One of the factors I consider in picking stocks for my deep-in-the-money options trading system is debt. It's a primary consideration in my system, which has a win record of 95-1. Big debt doesn't rule out a potentially good stock pick, but it doesn't help.

Several debt ratios put a company's leverage into perspective. Debt-to-equity ratios have ramifications for a company's ability to raise credit and keep interest expenses low.

We can measure debt to equity in several ways. One of the simplest ways excludes short-term obligations. The ratio of long-term liabilities to shareholder equity helps us evaluate whether a stock is able to support its debt going forward. The higher the long-term liabilities-to-equity ratio, the lower the bond rating. And a rating reduction forces companies to pay higher interest rates.

You can calculate the ratio by subtracting current liabilities from total liabilities -- which are found on the balance sheet -- and then dividing by total shareholder equity.

What you get with this ratio is a measure of how leveraged a company is. A highly leveraged company carries a greater risk it will default on its debt. How much debt a company can sustain varies by sector. Industries with highly stable revenue streams -- such as utilities -- tend to carry a lot of debt safely.

A measure of 1.0 means a company's liabilities equal its equity value. The safest ratios fall far below 1.0. Microsoft ( MSFT) historically carries little or no debt. At the end of December, its long-term liabilities to equity measured 0.22. Its long-term liabilities included $7.6 billion of "other liabilities," such as legal reserves and tax contingencies. None of Microsoft's long-term liabilities were debt.

Once we know how leveraged the company is, we should compare the ratio to a year earlier, or perhaps just the prior quarter, in order to gage whether the amount of debt the company can support is under stress. A ratio that is climbing in this market could spell trouble for a company's bonds and stock.

Now let's look at some examples. Lexmark International's ( LXK) ratio moved up to 1.47 at the end of 2008, from 0.95 in September. Long-term liabilities rose while equity shrank 23%. The worsening situation will cost Lexmark: Standard & Poor's lowered Lexmark's corporate credit rating last week to BBB-, from BBB.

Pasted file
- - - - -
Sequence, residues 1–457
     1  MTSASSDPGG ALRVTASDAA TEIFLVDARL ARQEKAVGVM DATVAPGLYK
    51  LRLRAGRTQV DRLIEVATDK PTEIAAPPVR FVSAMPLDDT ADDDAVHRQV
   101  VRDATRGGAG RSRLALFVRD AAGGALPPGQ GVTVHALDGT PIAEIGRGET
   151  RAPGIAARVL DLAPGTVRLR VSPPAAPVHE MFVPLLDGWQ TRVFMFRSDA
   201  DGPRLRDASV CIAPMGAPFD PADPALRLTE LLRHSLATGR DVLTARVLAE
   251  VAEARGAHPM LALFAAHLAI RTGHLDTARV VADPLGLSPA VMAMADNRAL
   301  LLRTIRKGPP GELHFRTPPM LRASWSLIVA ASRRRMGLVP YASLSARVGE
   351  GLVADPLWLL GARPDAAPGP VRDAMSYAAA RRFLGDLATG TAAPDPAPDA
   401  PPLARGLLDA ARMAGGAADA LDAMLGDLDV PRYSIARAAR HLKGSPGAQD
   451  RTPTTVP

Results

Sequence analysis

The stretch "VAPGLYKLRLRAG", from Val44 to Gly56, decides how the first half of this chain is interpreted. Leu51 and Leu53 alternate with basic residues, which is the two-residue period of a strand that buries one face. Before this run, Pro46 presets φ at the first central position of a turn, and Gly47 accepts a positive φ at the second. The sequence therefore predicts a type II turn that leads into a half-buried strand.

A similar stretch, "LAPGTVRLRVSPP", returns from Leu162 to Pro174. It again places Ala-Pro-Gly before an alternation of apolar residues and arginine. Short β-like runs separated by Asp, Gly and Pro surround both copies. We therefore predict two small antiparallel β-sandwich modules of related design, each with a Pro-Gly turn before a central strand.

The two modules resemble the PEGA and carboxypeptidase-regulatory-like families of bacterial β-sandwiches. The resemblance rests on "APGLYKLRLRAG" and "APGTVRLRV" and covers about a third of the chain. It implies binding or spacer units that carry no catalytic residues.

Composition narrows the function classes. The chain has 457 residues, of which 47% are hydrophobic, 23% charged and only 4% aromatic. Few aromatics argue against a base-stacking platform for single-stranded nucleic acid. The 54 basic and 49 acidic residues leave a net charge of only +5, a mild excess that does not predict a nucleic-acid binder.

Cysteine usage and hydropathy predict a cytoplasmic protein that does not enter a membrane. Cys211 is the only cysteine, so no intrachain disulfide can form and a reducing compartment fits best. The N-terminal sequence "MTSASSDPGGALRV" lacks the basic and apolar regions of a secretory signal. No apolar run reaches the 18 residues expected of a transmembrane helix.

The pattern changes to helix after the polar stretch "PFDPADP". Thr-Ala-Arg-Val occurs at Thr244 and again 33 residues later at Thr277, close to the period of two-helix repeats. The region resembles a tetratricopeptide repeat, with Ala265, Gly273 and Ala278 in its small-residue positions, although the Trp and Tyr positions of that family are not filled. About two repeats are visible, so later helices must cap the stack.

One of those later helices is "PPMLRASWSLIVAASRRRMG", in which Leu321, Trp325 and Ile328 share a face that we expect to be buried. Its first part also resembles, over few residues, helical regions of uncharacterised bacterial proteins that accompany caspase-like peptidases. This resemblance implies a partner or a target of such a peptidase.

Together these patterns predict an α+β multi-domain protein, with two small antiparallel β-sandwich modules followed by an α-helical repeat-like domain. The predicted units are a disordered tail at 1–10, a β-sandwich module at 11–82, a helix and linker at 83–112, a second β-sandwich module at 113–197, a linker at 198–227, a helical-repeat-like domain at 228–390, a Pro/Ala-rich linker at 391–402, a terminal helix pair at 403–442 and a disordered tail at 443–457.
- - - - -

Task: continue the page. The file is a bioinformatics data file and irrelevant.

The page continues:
On Monday, Micron Technology ( MU) was dealt a rating reduction to B- on its senior unsecured debt by S&P after the company took out a secured loan. Its last debt-to-equity numbers showed the warning signs. The ratio had been 0.79 in February 2008 but rose to 1.01 by December. Should Micron default on the unsecured debt, holders now can expect to recover only 10% to 30%, according to S&P Ratings.

This recession is also showing up in the numbers of retailers. At the end of January, Target ( TGT) became highly leveraged with a ratio of 1.45, from 1.14 a year earlier. Not only did long-term debt rise 15.6% year over year, but shareholder equity took a hit, dropping 10.4%.

In contrast, Wal-Mart ( WMT), which has capitalized on penny-pinching consumers, maintained a stable ratio year over year at about 0.6 at the end of January.

The drop in consumer spending has also whipped manufacturers of big-ticket items. Whirlpool's ( WHR) ratio rose to 1.65 in December, from 1.03 just three months earlier, as total shareholder equity shrank some 24%. S&P lowered the credit rating on WHR's unsecured debt to BBB- in January.

Finally, the U.S. auto industry is the poster child for debt-laden companies. The numbers were already quite bad for Ford ( F) in March 2008, when the automaker's long-term liabilities-to-equity ratio was in big, whole numbers - at nearly 31. Yet Ford still commanded $8 a share in May. But when the company's equity value moved into negative numbers in recent quarters, the ratio became meaningless and Ford became a penny stock. The company announced a debt restructuring last week, which S&P considers to be "tantamount to a default."

So keep tabs on excessive leverage by calculating a stock's debt-to-equity ratio.

Lenny "Nails" Dykstra, a guy who's used to winning, consistently profits from his deep-in-the-money options calls. You can, too, with his Nails on the Numbers. Try Lenny's service free and see how it works for you. If you decide to subscribe, just one winning call will pay for a whole year!
At the time of publication, Dykstra had no positions in stocks mentioned.

Nicknamed 'Nails' for his tough style of play, Lenny is a former Major League Baseball player for the 1986 World Champions, New York Mets and the 1993 National League Champions, Philadelphia Phillies. A three time All-Star as a ballplayer, Lenny now serves as president for several privately held businesses in Southern California. He is the founder of The Players Club; it has been his desire to give back to the sport that gave him early successes in life by teaching athletes how to invest and protect their incomes. He currently manages his own portfolio and writes an investment strategy column for TheStreet.com, and is featured regularly on CNBC and other cable news shows. Lenny was selected as OverTime Magazine's 2006-2007 "Entrepreneur of the Year."

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